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“We offer over 1,500 varieties of heirloom seeds, garlic, tools, books, and hundreds of local hand-made gifts and food items. Remember—everything we offer is pure, natural, and non-GMO!” (source)

The short story:

  • The building, which used to be the Sonoma County Bank, is a beautiful focal point of the downtown Petaluma area, and is the perfect spot for such a wonderful attraction
  • Any homestead or gardening magazine your imagination could ever dream up is right there on the rack when you first walk in (including RABBIT USA Magazine, which had an adorable front cover)
  • Any gardening tool, growing equipment, lighting, how-to guide, seasonal planting chart, or locally made sun hat your heart could fancy can be found inside these walls
  • Culinary herbal blends, seasoned salts, aromatic sugars, and infusions are waiting for you at the back of the store, ready to be added to your goodie bag
  • The staff is extremely knowledgeable about what should grow where, when, and how, and they’re happy to help a novice like me

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After about 20 minutes of open-mouthed gawking and feeling totally overwhelmed with choices, I selected two varieties of cherry tomatoes, sugar pie pumpkins, delicata squash, giant celery root, and giant leeks (all heirloom). I also grabbed an indoor starter tray, and with trepidation, approached the counter with an arsenal of questions. The friendly woman behind the counter waited patiently as I wrote down every word she said, took a deep breath, and made my purchase.

I also scooped up this tasty culinary salt, as my interest was peaked after listening to a Salt Tasting Here and Now episode last week with Chef Kathy Gunst. I can’t wait to sprinkle it on something.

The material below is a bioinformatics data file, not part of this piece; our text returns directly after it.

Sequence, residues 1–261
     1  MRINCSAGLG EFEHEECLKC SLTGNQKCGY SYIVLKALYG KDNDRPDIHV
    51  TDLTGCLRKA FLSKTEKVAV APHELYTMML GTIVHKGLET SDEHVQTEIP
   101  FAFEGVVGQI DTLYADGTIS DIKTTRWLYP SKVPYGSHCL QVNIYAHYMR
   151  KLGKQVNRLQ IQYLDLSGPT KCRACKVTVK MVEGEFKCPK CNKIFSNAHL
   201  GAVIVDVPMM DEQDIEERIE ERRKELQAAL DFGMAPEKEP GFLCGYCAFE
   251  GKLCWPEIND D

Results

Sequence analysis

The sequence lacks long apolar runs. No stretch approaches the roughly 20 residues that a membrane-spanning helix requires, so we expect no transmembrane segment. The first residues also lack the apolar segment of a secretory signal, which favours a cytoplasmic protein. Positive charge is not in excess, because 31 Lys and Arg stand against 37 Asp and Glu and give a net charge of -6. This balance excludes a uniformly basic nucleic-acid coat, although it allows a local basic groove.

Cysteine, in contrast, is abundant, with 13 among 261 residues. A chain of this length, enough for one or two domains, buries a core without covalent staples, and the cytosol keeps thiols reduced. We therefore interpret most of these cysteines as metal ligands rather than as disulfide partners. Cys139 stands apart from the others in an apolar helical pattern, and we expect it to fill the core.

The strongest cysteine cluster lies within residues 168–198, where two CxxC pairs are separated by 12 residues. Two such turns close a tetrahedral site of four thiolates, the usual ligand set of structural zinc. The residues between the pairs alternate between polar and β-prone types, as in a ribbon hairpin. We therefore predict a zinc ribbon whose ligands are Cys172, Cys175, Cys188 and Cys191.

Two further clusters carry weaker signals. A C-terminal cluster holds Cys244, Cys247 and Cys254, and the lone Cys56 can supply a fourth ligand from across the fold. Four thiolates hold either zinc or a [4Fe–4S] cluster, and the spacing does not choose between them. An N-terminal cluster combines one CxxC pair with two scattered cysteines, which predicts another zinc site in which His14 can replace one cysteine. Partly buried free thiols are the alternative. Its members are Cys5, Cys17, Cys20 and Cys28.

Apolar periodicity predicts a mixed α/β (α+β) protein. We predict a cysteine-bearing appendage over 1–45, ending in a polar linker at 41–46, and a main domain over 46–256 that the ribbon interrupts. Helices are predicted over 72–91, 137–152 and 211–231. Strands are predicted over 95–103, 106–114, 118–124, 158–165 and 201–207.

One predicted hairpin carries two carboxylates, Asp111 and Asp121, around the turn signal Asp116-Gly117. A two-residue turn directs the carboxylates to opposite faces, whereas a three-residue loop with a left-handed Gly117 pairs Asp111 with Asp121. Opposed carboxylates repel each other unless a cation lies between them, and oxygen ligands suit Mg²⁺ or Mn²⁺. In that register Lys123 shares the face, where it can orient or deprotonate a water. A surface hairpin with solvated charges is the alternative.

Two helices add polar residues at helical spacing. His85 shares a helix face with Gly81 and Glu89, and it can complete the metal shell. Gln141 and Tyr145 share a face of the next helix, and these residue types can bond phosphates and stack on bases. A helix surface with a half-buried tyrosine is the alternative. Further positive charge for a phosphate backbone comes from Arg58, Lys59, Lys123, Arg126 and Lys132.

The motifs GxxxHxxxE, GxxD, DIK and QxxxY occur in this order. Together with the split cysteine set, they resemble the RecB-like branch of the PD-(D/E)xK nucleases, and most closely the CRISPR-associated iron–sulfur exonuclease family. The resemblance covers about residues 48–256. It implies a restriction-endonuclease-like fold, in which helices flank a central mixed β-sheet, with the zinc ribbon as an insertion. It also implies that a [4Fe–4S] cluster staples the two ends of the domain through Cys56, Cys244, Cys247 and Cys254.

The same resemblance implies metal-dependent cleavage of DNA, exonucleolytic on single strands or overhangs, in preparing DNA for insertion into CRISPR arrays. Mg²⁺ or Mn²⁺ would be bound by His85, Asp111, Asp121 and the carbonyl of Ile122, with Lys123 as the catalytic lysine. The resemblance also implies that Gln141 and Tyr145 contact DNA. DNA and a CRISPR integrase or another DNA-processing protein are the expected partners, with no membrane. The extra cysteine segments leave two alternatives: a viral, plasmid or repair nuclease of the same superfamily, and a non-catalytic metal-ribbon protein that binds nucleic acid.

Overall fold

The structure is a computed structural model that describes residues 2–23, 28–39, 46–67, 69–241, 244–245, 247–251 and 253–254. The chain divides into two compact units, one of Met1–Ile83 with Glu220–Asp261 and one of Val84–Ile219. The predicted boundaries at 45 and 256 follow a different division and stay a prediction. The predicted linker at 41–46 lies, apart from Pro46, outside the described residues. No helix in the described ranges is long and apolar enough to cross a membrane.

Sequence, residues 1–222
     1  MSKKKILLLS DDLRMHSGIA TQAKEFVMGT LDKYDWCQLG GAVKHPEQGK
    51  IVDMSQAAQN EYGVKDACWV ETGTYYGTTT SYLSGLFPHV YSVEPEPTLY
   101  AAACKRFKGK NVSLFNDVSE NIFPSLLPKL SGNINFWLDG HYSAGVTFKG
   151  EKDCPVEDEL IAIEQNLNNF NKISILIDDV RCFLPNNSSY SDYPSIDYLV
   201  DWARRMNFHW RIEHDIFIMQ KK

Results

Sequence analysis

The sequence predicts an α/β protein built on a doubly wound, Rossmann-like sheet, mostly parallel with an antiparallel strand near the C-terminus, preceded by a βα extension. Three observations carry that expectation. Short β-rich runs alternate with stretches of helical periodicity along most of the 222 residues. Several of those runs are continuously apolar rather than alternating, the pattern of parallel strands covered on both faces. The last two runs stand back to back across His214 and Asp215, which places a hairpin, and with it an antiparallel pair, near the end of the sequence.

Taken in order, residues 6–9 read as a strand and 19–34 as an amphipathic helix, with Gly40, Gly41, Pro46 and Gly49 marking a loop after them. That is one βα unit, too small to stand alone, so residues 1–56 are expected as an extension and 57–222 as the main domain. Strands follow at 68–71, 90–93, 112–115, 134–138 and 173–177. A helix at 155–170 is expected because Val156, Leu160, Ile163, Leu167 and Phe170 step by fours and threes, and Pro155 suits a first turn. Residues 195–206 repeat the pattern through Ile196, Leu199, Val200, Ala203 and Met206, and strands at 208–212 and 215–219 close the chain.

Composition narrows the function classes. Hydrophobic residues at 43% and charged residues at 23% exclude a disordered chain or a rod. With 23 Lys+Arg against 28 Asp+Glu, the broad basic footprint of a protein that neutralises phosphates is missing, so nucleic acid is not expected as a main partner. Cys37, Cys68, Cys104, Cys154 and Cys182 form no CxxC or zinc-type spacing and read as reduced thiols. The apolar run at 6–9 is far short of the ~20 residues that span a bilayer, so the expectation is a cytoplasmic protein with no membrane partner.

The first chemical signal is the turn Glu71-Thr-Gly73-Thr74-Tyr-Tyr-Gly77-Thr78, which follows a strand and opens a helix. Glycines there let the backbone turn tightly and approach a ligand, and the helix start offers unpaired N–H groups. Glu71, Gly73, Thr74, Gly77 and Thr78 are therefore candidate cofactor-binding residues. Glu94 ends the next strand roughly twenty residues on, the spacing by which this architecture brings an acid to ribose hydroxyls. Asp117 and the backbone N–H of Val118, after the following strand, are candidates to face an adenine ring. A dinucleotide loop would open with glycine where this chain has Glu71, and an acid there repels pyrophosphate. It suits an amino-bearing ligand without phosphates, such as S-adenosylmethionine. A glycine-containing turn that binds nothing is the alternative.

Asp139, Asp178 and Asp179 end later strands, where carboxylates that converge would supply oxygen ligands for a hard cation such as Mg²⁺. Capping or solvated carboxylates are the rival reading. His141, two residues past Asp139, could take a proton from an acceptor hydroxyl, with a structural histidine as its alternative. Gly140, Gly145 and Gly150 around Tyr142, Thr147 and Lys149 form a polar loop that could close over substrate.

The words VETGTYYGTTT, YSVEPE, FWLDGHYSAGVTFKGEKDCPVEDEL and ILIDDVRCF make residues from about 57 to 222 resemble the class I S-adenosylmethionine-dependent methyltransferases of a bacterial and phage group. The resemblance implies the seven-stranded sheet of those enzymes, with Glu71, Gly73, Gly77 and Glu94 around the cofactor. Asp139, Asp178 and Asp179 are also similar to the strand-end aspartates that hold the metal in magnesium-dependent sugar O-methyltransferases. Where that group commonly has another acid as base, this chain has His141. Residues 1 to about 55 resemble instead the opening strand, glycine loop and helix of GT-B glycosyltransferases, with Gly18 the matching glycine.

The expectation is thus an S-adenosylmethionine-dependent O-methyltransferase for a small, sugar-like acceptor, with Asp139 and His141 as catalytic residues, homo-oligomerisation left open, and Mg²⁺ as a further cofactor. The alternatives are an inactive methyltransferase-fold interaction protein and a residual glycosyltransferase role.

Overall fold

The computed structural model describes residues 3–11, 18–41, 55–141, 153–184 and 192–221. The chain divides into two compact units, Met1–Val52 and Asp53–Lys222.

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This is going to be a very exciting experiment, and I anticipate I’ll learn quite a bit from it. I have to wait to plant some of what I purchased, as the last frost is estimated at April 15th this year, but the leeks and celery root are ready to go.

Stay tuned for updates as these little guys take off! And any lessons I learn along the way, you’ll be the first to know.

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Your Turn:

Do you have a garden or interest in starting one? Have you ever planted a garden from seed? What tips do you have to share? Any thoughts on the best way to start? Share your thoughts below!

 

2013 Recap – A Year of Adventure

On the eve of 2014, I think it’s a good time to inventory how things went this year. It’s a great place to start for making goals for the year to come. 2013 was an interesting one — more mellow than 2012, which included our wedding and the purchase of a new home, but it was still full of surprise and adventure.

Between my husband and I, we spent 30 days total in Yosemite, including a 5 day trip for the 4th of July with close friends and a 4 day trip with our dads — it was so awesome to see our dads climb! They did great! We climbed almost every one of those days either in the Valley or in Tuolomne Meadows. We also took a trip to Bishop over President’s Day weekend and headed to local day spots like Mt. St. Helena, Castle Rock, Pinnacles, Cragmont, and Mt. Diablo. Dad's TripFor me, this year represented a few major climbing “firsts.” I graduated from 10s to 11s in the gym, maxing out at 11c. I learned how to make, and started using tape gloves for climbing crack outside and (not well) in the gym — doing it well in the gym will be part of what happens in 2014. I led my first trad climb at the Grack in Yosemite, experienced my first hanging belay freakout on Seneca Rock in West Virginia (where Loren and I had our first epic dehydration and hunger fest due to lack of preparation on the rock), and followed Loren up my first real multi-pitch climbs.